FBI Finds Gangs Expanding, Even to U.S. Military
A new FBI assessment has found there are now an estimated 1.4 million gang members in the United States with gangs expanding even infiltrating the U.S. military.
The National Gang Threat Assessment has found there are 33,000 officially designated gangs in the United States. The gangs’ 1.4 million members represent a 40 percent increase in gang membership since 2009. The FBI’s National Gang Threat Assessment has found that gangs are expanding in the United States and are responsible for up to 48 percent of violent crime in many urban communities.
FBI officials also say the use of social media sites has assisted in recruitment with youth becoming interested in gang culture and displays of bravado on Facebook and YouTube. The threat assessment notes that local police in Missouri have seen a rise in gang “promotion teams” using internet chat rooms to promote clubs and parties. Displays of gang signs and walks are found abundantly on YouTube which FBI officials say may influence youths to seek out gangs.
While FBI and law enforcement officials do not have estimates on the number of gang members in the military officials have seen gangs in 100 jurisdictions in the U.S. and overseas with 53 different gangs who are in every branch of the military.
“Gang recruitment of active duty military personnel constitutes a significant criminal threat to the U.S. military,” the threat assessment noted. “NGIC [National Gang Intelligence Center] reporting indicates that law enforcement officials in at least 100 jurisdictions have come into contact with, detained, or arrested an active duty or former military gang member within the past three years.”
“Some members are joining the military to get away from the gang life,” said Calvin Shivers, FBI assistant section chief of the Violent Criminal Threat Section, at a briefing today.
“Many gangs are sophisticated criminal networks with members who are violent, distribute wholesale quantities of drugs, and develop and maintain close working relationships with members and associates of transnational criminal/drug trafficking organizations,” the assessment noted. “Gangs are becoming more violent while engaging in less typical and lower-risk crime, such as prostitution and white-collar crime. Gangs are more adaptable, organized, sophisticated, and opportunistic, exploiting new and advanced technology as a means to recruit, communicate discretely, target their rivals, and perpetuate their criminal activity.”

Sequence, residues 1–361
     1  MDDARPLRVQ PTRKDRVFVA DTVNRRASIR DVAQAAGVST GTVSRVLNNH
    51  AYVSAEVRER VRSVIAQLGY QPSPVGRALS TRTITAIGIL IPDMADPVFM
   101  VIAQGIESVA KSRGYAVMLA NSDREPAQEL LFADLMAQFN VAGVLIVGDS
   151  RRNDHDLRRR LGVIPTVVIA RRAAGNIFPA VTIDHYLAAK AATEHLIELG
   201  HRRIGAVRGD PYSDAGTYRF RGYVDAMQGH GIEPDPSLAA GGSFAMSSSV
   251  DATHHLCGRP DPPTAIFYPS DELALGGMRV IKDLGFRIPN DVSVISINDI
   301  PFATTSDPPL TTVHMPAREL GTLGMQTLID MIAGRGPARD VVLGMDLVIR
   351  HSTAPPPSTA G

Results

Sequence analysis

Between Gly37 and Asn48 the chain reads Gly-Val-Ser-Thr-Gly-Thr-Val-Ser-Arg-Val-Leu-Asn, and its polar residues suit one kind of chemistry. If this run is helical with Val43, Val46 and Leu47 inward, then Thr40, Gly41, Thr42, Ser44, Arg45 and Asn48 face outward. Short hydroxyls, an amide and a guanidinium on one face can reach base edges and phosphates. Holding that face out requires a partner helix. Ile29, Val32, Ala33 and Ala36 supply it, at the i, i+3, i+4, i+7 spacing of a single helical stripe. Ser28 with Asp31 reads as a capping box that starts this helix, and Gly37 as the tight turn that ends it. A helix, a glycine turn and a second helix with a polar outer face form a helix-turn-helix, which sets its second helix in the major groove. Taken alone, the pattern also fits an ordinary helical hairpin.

“Gangs are increasingly engaging in non-traditional gang-related crime, such as alien smuggling, human trafficking, and prostitution. Gangs are also engaging in white collar crime such as counterfeiting, identity theft, and mortgage fraud, primarily due to the high profitability and much lower visibility and risk of detection and punishment than drug and weapons trafficking,” the assessment prepared by the FBI’s National Gang Intelligence Center noted.
The report notes that while most gang members are in the West, gangs have been growing in the Northeast and the Southwest. The expansion in the Southwest could be because of gangs reaching out to and linking with Mexican Drug Trafficking Organizations (MDTOs).
“U.S.-based gangs and MDTOs are establishing wide-reaching drug networks; assisting in the smuggling of drugs, weapons, and illegal immigrants along the Southwest Border; and serving as enforcers for MDTO interests on the U.S. side of the border,” the assessment noted.
FBI officials say the increased figures are likely due to better reporting and analysis of information reported to them by state and local law enforcement agencies. The National Gang Intelligence Center is made up of officials from the FBI, DEA, The ATF, The US Marshals Service, Immigration and Customs Enforcement and Customs and Border Protection.